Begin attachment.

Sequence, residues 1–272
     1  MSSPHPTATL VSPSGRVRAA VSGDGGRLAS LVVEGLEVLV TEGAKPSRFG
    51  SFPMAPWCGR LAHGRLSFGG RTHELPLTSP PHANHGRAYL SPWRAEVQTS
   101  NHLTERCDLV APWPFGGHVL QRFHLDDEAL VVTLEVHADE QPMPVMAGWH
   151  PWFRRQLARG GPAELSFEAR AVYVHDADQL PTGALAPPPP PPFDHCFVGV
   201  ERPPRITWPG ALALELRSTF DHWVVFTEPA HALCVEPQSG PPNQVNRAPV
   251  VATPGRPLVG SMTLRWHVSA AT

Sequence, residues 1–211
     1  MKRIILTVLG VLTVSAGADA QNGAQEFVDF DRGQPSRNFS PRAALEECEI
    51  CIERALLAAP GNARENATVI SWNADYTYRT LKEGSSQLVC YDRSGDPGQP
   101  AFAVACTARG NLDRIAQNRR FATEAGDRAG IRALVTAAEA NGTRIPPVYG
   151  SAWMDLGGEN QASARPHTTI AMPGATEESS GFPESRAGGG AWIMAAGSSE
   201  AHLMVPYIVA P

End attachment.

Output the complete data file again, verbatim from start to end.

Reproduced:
Sequence, residues 1–272
     1  MSSPHPTATL VSPSGRVRAA VSGDGGRLAS LVVEGLEVLV TEGAKPSRFG
    51  SFPMAPWCGR LAHGRLSFGG RTHELPLTSP PHANHGRAYL SPWRAEVQTS
   101  NHLTERCDLV APWPFGGHVL QRFHLDDEAL VVTLEVHADE QPMPVMAGWH
   151  PWFRRQLARG GPAELSFEAR AVYVHDADQL PTGALAPPPP PPFDHCFVGV
   201  ERPPRITWPG ALALELRSTF DHWVVFTEPA HALCVEPQSG PPNQVNRAPV
   251  VATPGRPLVG SMTLRWHVSA AT

Sequence, residues 1–211
     1  MKRIILTVLG VLTVSAGADA QNGAQEFVDF DRGQPSRNFS PRAALEECEI
    51  CIERALLAAP GNARENATVI SWNADYTYRT LKEGSSQLVC YDRSGDPGQP
   101  AFAVACTARG NLDRIAQNRR FATEAGDRAG IRALVTAAEA NGTRIPPVYG
   151  SAWMDLGGEN QASARPHTTI AMPGATEESS GFPESRAGGG AWIMAAGSSE
   201  AHLMVPYIVA P